News Analysis

How piling dues choke power generation companies

Vivek Ananth BL Research Bureau | Updated on March 05, 2019 Published on March 05, 2019

With States and UTs not paying up, the outstanding amount is a mammoth ₹40,500 cr

Power generating companies are in a funk. Nearly half the States and Union Territories and power distribution companies aren’t paying them on time. This includes all the Southern States (excluding Telangana), all the northern States (except for Bihar) and a couple of them from the North-East. Data from the Power Ministry’s PRAAPTI portal shows that the amount outstanding touched nearly ₹40,500 crore at the end of November 2018.

Out of the 17 generation companies’ data available on the portal, dues of two listed companies — NTPC at ₹16,509 crore and Adani Power at ₹7,321 crore — are the highest. The pending dues varies from 0 days to over 60 days. Compared to this, Tata Power Co Ltd, another listed company, has outstanding dues of just around ₹980 crore as of November.

In terms of generation capacity, NTPC is miles ahead when compared with Adani Power and Tata Power. It has an installed generation capacity of 53,166 MW while Tata Power has 10,587 MW and Adani Power 10,480 MW. Tata Power also houses its renewable energy and power distribution businesses in the larger Tata Power Group of companies. But still, a majority of Tata Power’s business comes from thermal power, as does Adani’s and NTPC’s.

Spiralling fuel costs

Apart from unpaid dues, power generators also deal with under recovery of fuel costs. Since most of thermal power plants use coal as a fuel, change in prices of this raw material directly affects their profitability. Although all three have been plagued by the impact of rising international coal prices, and a domestic shortage of coal, Tata Power and Adani Power have, in particular, seen their profits take a hit due to under-recoveries.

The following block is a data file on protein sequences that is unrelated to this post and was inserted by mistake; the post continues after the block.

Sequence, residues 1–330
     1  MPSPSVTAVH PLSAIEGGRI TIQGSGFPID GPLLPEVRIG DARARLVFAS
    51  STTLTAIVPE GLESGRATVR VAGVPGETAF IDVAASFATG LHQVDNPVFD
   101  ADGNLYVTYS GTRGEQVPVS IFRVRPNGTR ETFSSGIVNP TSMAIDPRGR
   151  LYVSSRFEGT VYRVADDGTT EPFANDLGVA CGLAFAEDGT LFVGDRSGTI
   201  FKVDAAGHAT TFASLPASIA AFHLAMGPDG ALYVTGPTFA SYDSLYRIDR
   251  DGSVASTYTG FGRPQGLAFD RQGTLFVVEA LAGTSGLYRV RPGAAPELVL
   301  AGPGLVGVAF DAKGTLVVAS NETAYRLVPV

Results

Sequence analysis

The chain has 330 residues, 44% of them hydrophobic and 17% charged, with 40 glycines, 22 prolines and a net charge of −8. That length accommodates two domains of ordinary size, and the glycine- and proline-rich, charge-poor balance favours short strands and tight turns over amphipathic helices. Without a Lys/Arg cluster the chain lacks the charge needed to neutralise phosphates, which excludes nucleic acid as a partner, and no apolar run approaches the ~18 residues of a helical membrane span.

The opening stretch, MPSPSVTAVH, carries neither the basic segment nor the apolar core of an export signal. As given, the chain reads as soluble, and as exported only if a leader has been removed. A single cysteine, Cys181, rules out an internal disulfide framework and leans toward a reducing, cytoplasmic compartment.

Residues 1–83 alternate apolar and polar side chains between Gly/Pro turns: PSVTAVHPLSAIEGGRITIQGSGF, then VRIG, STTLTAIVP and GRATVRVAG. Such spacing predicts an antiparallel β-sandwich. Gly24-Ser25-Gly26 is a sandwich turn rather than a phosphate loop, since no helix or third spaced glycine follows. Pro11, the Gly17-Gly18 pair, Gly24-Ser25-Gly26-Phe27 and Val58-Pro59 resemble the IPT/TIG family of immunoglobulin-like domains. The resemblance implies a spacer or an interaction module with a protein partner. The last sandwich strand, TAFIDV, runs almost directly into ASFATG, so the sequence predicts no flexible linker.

The under-recovery issue has been plaguing the power sector ever since the government introduced a clean energy cess on coal consumption in 2015. In addition, there was a spike in prices of coal prices, both domestically and in international markets. According to power generating companies’ tariff agreement, they can only pass those increase in costs to consumers which the State or Central power regulator allows.

More pain for Adani Power

For Tata Power and Adani Power — their Mundra ultra-mega power plants which are a significant portion of their overall capacity — the inability to pass on the rise in costs have hurt more.

Adani Power in particular is facing many delays in approval of pass-through costs. This has led the company to post a loss of nearly ₹1,200 crore in Q3FY19. This is despite the company recognising in its books as revenue future relief due on fuel costs and invoices raised on distribution companies. Adani Power’s auditors have qualified these adjustments in their audit report.

Tata Power, which has an integrated power business, also has nearly one-third of its installed capacity in the form of renewable sources. The expansion of its renewable portfolio is helping it report higher profits. The company is also expanding its thermal installed capacity through an acquisition of a 1,980-MW power plant in Uttar Pradesh, through joint venture firm Resurgent Power Ventures.

But NTPC, by the sheer size of its operations, is still ahead of the two private companies. Although it has a considerable amount of debt on its books, it sits pretty with an interest coverage ratio of over 4. Aside from being a consistent dividend payer (nearly 41 per cent of its profits to its shareholders in 2017-18), NTPC is still poised for strong growth in the future because it’s generating cash every year. And it has more projects that will come on stream soon.

Tata Power has been trying to de-leverage its balance sheet, but its interest coverage ratio has been deteriorating since 2016-17. The under-recovery in fuels costs only added fuel to the fire.

Adani Power though looks to be in a precarious situation. The company hasn’t reported a quarterly profit at a consolidated level for nearly a year now. The slow progression of various petitions at Central and State regulatory commissions are also causing the company to report high losses.

When delayed payments from power distribution companies are added into the midst, power generators will have to borrow to serve their working capital needs, stretching their balance sheets further. Even after sweeping reforms for State distribution companies that were unveiled under the UDAY scheme by this government, it seems unpaid bills of distribution companies might cause another crisis in the sector.

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